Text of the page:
Omaha, NE- Kyler Erickson laughs and jokes while making dinner with his roommates. All Millard South High School graduates. It's these small things that now make such a difference in his life.
"If I could use my story and my pain to make a difference and my pain to make a difference in somebody else life then why wouldn't I," he said.
When you ask Kyler about his story, he says it's about him overcoming mental illness. But to understand that, you have to understand what Kyler went through in January of 2011.
When Erickson was a senior at Millard South high school he was in the school office when a student gunman shot and killed the assistant principal and wounded the head principal before killing himself.
The first year after the shooting. Erick said he was fine. He was one of the best basketball players on his team. He even got a scholarship to play ball at North West Missouri State.
"Everyone's brains work differently," he said.
Suddenly, everything hit him, his sophomore year of college. He says he couldn't eat or sleep, had emotional breakdowns and hallucinations.
"I was in the dorms at the time, I had a roommate. In the middle of the night I would wake up and I would see someone standing at my bed with a gun pointed at me. I'd start crying and couldn't stop. My roommate would just be like 'are you ok?' He probably thought I was crazy, at that point I probably was," Erickson said.
Erickson says his breaking point was during a breakdown in his basketball assistant coach's office. She also confided her problems in him, and convinced him to get help.
He was diagnosed with PTSD. Kyler underwent about four months of intense EMDR therapy. EMDR is commonly used for PTSD patients who have experienced severe trauma that remains unresolved. According to its founder, when a traumatic or distressing experience occurs, it may overwhelm normal cognitive and neurological coping mechanisms. The goal of EMDR therapy is to process distressing memories, reducing their lingering effects allowing patients to develop a way to cope.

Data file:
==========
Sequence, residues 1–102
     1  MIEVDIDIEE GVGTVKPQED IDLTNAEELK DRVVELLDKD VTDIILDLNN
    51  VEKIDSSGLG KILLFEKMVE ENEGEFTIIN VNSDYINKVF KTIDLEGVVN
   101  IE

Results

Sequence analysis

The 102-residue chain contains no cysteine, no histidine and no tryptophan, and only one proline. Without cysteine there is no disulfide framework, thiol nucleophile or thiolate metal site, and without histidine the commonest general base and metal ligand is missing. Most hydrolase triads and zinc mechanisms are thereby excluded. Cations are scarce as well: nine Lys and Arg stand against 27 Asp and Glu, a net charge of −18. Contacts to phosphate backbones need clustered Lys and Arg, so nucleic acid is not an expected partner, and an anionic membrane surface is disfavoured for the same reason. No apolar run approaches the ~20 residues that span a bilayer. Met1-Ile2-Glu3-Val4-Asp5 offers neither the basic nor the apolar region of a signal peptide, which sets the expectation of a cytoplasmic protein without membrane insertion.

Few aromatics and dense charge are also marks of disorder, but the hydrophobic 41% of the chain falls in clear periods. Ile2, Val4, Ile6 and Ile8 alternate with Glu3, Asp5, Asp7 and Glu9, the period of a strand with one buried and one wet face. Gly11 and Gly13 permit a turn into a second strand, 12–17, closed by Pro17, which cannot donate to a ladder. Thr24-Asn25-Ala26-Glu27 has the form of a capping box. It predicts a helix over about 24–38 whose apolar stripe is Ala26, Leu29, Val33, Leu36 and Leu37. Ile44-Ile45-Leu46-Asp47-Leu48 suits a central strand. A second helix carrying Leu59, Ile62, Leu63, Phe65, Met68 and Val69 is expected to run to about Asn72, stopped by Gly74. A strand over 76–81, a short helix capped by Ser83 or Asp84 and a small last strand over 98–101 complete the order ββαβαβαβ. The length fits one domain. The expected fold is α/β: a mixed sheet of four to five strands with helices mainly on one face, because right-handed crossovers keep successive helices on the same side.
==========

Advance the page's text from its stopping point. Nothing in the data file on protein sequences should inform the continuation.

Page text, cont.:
Since then, Kyler has transferred to University of Nebraska at Omaha. He's on their basketball team, and recently made a video about what he had been through. Remember Kyler said his story is about overcoming mental illness and overcoming it.
"Getting help is a good thing, and that's the story, behind the video," he said.
He posted it on YouTube, but never shared the video, about six minutes in length. A friend or family member caught hold of it though, his mother, Rhonda says. In one day, the video has blown up on Facebook and YouTube, garnering more than six thousand views.
"Sheeeesh!" Erickson said, when he found out about the hits.
He had been so busy with UNO finals and basketball practice he didn't know about the hits until KMTV told him. He says he's just happy people are talking about mental illness, and hopefully, if they need it, getting help.
"If this can change one person's life, than it was well worth my hours and hours, days and days, for this video." he said.
View the video here: https://www.youtube.com/watch?v=A6wclfVZMXk